A peacock flaunts his feathers.
- An example of flaunt is when you buy lots and lots of obviously expensive cars and houses just to show off how much money you have.
- An example of flaunt is when you wear really short, tight clothing to show off your body.
- to make a gaudy, ostentatious, conspicuous, impudent, or defiant display
- to flutter or wave freely
Origin of flaunt15th and 16th circa , probably from dialect, dialectal flant, to strut coquettishly, akin to Norwegian flanta from Old Norse flana, run back and forth from Indo-European an unverified form plano- from base an unverified form pla-, broad, flat, spread out from source Classical Greek planos, wandering
- to show off proudly, defiantly, or impudently: to flaunt one's guilt
Origin of flauntthrough confusion in form and meaning flout: usage objected to by many
verbflaunt·ed, flaunt·ing, flaunts
- To exhibit ostentatiously or shamelessly: flaunts his trendy clothes; flaunts his knowledge about music. See Synonyms at show.
- Usage Problem To ignore or disregard (a rule, for example) openly or scornfully.
- To show oneself off or move in an ostentatious way: “A tortoiseshell butterfly flaunted across the window” ( Virginia Woolf )
- To wave grandly: pennants flaunting in the wind.
Origin of flauntOrigin unknown
Usage Note: Flaunt as a transitive verb means “to exhibit ostentatiously”: She flaunted her wealth. To flout is “to show contempt for something by disregarding it”: Some people at the reception flouted convention by wearing sneakers. For some time now flaunt has been used in the sense “to show contempt for,” even by educated users of English. But this usage is still widely seen as erroneous. In our 2009 survey, 73 percent of the Usage Panel rejected it in the sentence This is just another example of an executive flaunting the rules for personal gain.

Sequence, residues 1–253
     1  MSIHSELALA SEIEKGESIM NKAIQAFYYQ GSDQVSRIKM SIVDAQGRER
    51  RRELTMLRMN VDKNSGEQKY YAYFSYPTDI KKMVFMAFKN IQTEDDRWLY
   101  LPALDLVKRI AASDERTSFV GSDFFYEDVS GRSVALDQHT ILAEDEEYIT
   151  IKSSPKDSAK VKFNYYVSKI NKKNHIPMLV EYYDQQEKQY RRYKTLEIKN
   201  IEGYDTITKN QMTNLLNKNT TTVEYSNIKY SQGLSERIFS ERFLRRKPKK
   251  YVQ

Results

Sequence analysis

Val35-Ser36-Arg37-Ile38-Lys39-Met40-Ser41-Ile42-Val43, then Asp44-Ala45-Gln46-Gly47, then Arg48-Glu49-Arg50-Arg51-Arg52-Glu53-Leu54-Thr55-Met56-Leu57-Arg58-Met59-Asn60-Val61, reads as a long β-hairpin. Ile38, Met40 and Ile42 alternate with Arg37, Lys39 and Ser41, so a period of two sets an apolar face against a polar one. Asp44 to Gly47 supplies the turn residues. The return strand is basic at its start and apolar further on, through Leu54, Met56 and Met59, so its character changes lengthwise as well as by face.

(third-person singular simple present flaunts, present participle flaunting, simple past and past participle flaunted)
- Do not confuse with flout.
Of North Germanic origin, related to Norwegian flanta (“to show off, wander about”), Icelandic flana (“to rush about, act rashly or heedlessly”); or perhaps related to Swedish flankt ("loosely, flutteringly"; compare English flaunt-a-flaunt), from Swedish flanka (“waver, hang and wave about, ramble”), a nasalised variant of Swedish flakka (“to waver”), related to Middle English flacken (“to move to and fro, flutter, palpitate”), see flack.